On the night of Dec. 23, after Daphnis had told his family and friends the good news — that he had an anonymous donor — Chambers handed him a Christmas card and revealed the secret.
Inside it read: “I’m your guy. I’ll see you in surgery Jan. 10. Canes4Life.”
It took Daphnis a minute to make sense of the message.
Once he did, “Dude, I just lost it. Never in a million years did I think a teammate would do that.”
But Chambers is no ordinary teammate.
And this was no ordinary group of teammates.
For years after their careers were over, it didn’t matter how little they saw of each other, they were always there for each other via text message, email or a phone call. Whether it was words of encouragement or supporting their friends’ business ventures, there was always communication, Daphnis said.
Most of it now, Daphnis said, takes place in a group chat on WhatsApp.
Among those in the group, Daphnis said: former defensive lineman Kenny Holmes (who was most recently the defensive line coach at FIU), safety Earl Little (who was in charge of player personnel at FIU), offensive lineman K.C. Jones (now a financial planner), linebacker Tony Coley (regional president of BB&T), receiver Marcus Wimberley (now a coach in Memphis), defensive back Carlos Jones (a manager at a hardware store in New Orleans), offensive lineman Ricky Perry (Daphnis said he drives fuel trucks), defensive lineman Marvin Davis (a Miami-Dade police detective), defensive back Al Shipman (football coach at Palm Beach Gardens High), linebacker Twan Russell (director of community and youth programs with the Miami Dolphins), defensive lineman Booker Pickett (a mortgage broker/real-estate investor in Tampa), defensive back Chris Gibson (formerly in the mortgage business), running back Danyell Ferguson (working in religious studies), defensive lineman J. Ina (a commissioner in New Orleans), aforementioned receiver Gaiter (a truck driver whose son, Tony Gaiter IV, is a junior wideout at FIU) and receiver Darius McCullum, who now goes by the name Rashid Al-Muntharee and is coaching in Alabama.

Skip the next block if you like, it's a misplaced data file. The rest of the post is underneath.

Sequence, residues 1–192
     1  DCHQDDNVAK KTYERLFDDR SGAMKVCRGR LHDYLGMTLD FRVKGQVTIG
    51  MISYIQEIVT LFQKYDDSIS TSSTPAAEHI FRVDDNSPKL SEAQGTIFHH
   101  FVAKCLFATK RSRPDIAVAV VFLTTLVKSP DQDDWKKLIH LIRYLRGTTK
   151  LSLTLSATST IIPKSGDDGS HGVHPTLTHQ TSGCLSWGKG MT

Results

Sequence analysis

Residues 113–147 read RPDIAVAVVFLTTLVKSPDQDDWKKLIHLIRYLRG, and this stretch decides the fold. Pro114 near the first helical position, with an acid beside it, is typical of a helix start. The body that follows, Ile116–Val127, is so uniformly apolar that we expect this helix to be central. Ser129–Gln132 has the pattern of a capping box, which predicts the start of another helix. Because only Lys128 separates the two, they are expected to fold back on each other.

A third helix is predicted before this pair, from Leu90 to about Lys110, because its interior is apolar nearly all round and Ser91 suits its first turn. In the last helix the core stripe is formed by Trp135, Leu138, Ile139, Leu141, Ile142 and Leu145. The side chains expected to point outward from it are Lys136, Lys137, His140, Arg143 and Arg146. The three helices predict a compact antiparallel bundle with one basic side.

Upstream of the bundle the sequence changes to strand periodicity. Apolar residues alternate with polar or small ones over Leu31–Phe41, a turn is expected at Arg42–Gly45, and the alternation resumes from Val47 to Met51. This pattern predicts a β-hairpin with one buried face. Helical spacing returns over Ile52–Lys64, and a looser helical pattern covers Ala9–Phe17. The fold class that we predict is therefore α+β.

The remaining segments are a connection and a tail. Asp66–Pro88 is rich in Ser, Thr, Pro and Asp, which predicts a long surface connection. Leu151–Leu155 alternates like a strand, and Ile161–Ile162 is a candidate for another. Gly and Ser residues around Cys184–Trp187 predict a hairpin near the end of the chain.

“With Tony (Coley) being in the position he’s in, he’s helped out a number of guys,” Daphnis said. “Tony just helped Quadtrine Hill get into the managerial program with BB&T. Twan is one of those that helps guys, too.”
Canes4Life: Last year, a number of the members of Daphnis and Chambers’ recruiting class from UM got together. Daphnis is on the far right. (Courtesy of the Daphnis family)
Two weeks ago, Chambers said, he got a text message from Warren Sapp, who was having hip replacement surgery at Doctor’s Hospital in South Miami.
“He knew I worked down on this end. So he sent me a text message and it read all caps, ‘BRING ME SOME FOOD,’ ” Chambers said. “Before he even said food, I was already on the way there with him. That’s just the way we are. A lot of that stuff goes unmentioned because people outside of the program just see football players. But there are real people underneath those helmets and there’s real people out there in the business field helping each other’s businesses and saving each other’s lives. It goes far beyond football.”
But this story, in particular, is special.